A few times in the middle of the night when the baby’s cries grew in volume, I took her into the living room, where we retired to the rocking chair. The Hairy Son, who was accustomed to lounging on our king-sized bed, plush sofas, lush blankets and down pillows, took his place on the hardwood floor by my feet as I rocked the baby. He did it to keep me company.

One night a couple of weeks after Mirabelle’s introduction to our household, Nigel returned to my radar. It was 9 pm. I was exhausted, but Mirabelle, in the throes of the “witching hour,” was alternating between two states: fervent eating and fervent crying. Bedtime was nowhere in sight.

Except for Nigel. As he does every night, he went into our bedroom to retire for the evening. This simple act gave me hope that one day (with luck, sooner rather than later) my daughter would learn a nighttime routine as well. I thought to myself that if my Hairy Son is smart enough to know when it’s bedtime, then surely our Hairless Daughter will grasp this one day, too.

That night, for the first time, I viewed Nigel as an independent being and developed a sense of respect for him. He was not a creature to be coddled and infantilized. He knew the ropes. He gave me hope that from chaos can come order. It just takes time.

Yet even though I appreciated Nigel’s patience with me and our new situation, I didn’t understand it. How could a dog who would ordinarily growl at anyone trying to move him from his spot on the couch be so docile with a vociferous baby invading his space?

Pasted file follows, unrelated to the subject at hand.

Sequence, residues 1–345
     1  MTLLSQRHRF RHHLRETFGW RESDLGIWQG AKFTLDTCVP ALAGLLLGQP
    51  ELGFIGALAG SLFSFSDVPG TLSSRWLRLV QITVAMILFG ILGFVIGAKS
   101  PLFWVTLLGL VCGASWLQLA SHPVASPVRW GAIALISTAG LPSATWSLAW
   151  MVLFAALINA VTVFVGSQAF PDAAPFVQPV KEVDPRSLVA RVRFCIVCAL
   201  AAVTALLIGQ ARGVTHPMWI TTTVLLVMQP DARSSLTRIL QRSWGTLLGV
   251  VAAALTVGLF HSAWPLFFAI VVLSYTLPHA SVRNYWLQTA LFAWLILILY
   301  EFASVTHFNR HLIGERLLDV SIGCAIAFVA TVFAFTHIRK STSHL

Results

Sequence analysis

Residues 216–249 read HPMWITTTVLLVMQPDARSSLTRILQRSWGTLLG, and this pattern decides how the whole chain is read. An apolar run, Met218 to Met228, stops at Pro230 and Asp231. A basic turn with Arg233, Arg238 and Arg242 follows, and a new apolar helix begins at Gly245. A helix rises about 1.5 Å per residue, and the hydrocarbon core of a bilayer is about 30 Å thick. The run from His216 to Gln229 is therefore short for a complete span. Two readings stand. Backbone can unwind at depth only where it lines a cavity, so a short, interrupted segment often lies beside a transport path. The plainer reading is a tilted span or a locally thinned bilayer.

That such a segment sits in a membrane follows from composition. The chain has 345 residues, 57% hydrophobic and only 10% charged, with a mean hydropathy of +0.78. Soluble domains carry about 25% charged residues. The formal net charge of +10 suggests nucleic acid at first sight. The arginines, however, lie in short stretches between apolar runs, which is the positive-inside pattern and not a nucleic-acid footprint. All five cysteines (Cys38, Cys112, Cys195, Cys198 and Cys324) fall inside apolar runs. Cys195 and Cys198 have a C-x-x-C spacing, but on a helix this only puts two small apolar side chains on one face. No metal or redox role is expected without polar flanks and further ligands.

I called Dr. Levy, his vet, for some answers.

“Once a new baby comes into the family, they see that baby as part of the pack because that baby is so attached to you, his beloved human,” said Dr. Levy.

“They often become better behaved because they have a younger member of the pack to protect and include.”

But I still didn’t understand why Nigel wasn’t acting jealous.

“They have a job now,” said Dr. Levy. “They kind of get that you’re taking care of the newest member of the pack.”

I’m happy if Mirabelle gives Nigel a renewed sense of purpose. But I’m truly grateful for the sacrifice he’s made.

Mirabelle’s in daycare now. Mornings are quiet; I work at my computer on the couch with Nigel by my side. When I take a break and glance up from the screen, I often find myself looking at Nigel and thinking, Thank you.

Calm’s returned to our house. Though the pecking order is different, Nigel remains his strong self. But it took having a baby for me to realize that.